Philosophe Alain

Le site de référence sur le philosophe français Emile Chartier, dit Alain (1868-1951), par l’Association des Amis d’Alain, fondée par ses proches après sa mort.

Le site de référence sur le philosophe français Emile Chartier, dit Alain (1868-1951), par l’Association des Amis d’Alain, fondée par ses proches après sa mort.

A duty to be happy

It’s not difficult to be unhappy or dissatisfied ; it’s enough to sit down, like a prince waiting to be entertained ; there’s a look that eyes and weighs happiness like a commodity and casts the colour of boredom over everything;  not without a certain majesty, for there is a kind of power in scorning all offerings ; but I also see in that look an impatience and an anger towards the inventive workers who create happiness out of little, in the way that children create gardens. That’s not for me. I’ve seen from experience that you can’t distract people who bore themselves.

On the contrary, happiness is a most beautiful sight to see. What is more beautiful than a child?  Yet see how they put all of themselves into their games; they don’t wait for you to play for them. It’s true that a child in a sulk presents another face, one refusing all joy; and, happily, childhood quickly forgets, but we’ve all known grown-up children who have never stopped sulking. That they might have strong reasons, I know; it’s always difficult to be happy; it’s a struggle against many events and many people. It could be that one is defeated; there are, of course, events one can’t get over and misfortunes too strong for an apprentice Stoic; but it is perhaps the clearest duty to not call oneself defeated without having struggled with all one’s strength. And above all, and this seem obvious to me, it’s impossible to be happy if one doesn’t want to be happy; so we have to will our happiness and create it.


Nicolas de Staël (1914-1955), Fleurs rouges, 1952


What is not said enough often enough is that it’s also a duty towards others to be happy. It’s well said that only the happy are loved; but it’s forgotten that this reward is fair and deserved; for unhappiness, boredom and despair are in the air we all breathe; so we should honour and give a laurel wreath to those who eliminate those miasmas  and whose exemplary energy purifies, in some way, ordinary life. So there’s nothing deeper in love than the vow to be happy. What’s more difficult to overcome than the boredom, the sadness or the unhappiness of those we love? Every man and woman should always keep this in mind, that happiness, I mean the happiness that one has one for oneself, is the most beautiful and generous offering one can give.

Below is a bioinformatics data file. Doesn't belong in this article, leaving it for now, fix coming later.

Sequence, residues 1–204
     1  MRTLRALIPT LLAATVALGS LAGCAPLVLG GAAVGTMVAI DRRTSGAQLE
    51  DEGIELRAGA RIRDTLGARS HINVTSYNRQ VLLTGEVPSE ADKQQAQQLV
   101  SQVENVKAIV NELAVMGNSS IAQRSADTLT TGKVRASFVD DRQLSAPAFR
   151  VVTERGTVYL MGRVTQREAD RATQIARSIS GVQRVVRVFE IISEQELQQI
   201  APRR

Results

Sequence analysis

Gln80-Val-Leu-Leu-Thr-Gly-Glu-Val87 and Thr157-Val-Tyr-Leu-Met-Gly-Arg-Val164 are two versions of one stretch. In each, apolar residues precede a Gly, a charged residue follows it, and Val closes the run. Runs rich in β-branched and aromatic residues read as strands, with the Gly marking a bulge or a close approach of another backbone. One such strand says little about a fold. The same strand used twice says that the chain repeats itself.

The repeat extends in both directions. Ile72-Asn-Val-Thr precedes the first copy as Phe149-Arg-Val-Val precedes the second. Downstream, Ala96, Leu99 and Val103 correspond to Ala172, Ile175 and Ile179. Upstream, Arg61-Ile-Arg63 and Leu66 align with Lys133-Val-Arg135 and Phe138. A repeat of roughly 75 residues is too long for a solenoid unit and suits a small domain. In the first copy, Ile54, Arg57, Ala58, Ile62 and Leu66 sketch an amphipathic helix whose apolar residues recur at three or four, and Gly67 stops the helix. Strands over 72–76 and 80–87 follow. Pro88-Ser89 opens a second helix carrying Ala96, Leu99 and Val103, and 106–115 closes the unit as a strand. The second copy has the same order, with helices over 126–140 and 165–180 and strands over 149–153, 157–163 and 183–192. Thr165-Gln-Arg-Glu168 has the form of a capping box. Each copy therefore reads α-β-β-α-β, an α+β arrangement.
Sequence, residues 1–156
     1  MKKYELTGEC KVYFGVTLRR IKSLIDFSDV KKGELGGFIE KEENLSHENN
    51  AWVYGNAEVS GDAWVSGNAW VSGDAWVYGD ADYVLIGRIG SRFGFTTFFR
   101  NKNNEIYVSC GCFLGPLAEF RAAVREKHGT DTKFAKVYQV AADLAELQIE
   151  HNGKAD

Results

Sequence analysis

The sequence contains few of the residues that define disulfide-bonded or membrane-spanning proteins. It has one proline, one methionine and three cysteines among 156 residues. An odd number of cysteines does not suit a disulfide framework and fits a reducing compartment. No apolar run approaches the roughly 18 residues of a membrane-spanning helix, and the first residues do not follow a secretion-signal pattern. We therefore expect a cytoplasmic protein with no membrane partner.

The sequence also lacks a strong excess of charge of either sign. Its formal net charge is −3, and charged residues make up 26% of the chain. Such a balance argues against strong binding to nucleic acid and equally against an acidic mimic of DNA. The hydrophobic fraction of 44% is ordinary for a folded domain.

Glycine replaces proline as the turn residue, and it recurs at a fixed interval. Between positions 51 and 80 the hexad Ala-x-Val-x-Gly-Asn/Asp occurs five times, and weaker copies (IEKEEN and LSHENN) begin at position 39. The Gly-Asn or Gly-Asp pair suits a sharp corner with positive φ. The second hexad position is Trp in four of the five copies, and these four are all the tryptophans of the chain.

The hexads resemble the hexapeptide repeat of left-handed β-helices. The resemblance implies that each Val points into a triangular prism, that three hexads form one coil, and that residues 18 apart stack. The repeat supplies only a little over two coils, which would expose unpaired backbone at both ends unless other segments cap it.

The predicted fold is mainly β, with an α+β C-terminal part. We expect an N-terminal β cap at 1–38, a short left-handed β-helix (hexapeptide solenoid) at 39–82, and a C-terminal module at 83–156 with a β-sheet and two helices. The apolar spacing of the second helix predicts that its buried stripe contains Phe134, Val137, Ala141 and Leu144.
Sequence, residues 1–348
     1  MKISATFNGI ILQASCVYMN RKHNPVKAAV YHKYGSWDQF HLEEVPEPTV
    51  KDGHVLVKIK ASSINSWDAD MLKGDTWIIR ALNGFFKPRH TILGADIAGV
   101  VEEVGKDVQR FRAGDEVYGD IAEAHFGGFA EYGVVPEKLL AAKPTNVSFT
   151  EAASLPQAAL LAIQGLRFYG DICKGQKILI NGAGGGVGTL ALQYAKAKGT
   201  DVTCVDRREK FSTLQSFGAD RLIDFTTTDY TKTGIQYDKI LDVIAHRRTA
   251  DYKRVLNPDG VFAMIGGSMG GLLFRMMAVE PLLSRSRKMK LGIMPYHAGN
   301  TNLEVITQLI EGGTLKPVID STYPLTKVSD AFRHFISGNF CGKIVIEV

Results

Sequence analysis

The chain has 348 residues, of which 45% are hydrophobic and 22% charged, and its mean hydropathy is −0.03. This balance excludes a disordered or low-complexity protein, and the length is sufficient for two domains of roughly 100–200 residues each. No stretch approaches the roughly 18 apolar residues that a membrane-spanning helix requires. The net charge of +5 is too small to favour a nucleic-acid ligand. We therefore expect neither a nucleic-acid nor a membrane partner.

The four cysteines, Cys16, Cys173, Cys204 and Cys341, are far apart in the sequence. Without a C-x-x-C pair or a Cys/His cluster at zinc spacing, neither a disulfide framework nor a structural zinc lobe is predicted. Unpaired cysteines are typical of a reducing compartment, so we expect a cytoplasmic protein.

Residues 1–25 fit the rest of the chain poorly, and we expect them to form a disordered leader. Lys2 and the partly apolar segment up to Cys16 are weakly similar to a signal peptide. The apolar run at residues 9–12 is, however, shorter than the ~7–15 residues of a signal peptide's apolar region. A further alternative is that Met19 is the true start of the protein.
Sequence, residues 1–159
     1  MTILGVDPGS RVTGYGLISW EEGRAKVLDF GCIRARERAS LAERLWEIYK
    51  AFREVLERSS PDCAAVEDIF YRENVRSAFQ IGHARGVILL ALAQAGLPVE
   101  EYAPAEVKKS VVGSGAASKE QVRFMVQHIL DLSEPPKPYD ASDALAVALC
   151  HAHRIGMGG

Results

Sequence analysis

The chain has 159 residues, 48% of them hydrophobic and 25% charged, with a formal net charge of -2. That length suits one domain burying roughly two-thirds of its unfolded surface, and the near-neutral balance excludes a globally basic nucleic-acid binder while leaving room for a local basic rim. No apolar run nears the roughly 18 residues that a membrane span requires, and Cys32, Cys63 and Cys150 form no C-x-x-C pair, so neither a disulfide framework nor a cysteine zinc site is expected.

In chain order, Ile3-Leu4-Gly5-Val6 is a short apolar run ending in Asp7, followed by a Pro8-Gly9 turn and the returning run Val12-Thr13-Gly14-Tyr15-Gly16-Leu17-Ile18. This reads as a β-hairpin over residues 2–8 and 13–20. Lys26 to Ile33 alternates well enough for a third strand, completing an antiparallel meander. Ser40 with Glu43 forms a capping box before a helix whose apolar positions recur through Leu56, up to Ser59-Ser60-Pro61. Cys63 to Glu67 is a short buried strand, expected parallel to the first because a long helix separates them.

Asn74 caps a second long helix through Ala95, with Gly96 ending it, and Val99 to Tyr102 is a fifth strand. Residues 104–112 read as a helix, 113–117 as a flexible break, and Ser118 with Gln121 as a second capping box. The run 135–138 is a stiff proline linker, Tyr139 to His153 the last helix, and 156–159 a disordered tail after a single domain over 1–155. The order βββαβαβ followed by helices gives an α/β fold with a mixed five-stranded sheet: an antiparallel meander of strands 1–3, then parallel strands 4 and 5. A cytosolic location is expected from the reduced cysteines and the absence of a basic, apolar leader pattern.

I would even go so far as to propose some civic honour to reward those who have taken the resolution to be happy. For, in my opinion, all the corpses, all the ruins,  the mad  expenditure, and the preventive military manoeuvres, are the work of people who have never known how to be happy and can’t bear those who try. When I was a child I belonged to the heavyweight category, difficult to overcome, slow to move, slow to get excited. So it often happened that some lightweight, thin from sadness and boredom, amused himself by pulling my hair, pinching me, while making fun of me, until he received a strong punch. That put an end to it all. Now, as I observe some dwarf predicting and preparing war, I never examine his reasons because I know all about those evil genies who can’t hear people being tranquil. So a tranquil France, like a tranquil Germany, are in my eyes robust children, tormented and finally driven beyond endurance by a handful of malicious children.

Propos sur le Bonheur, xcii, 16/3/23

English translation copyright © Michel Petheram

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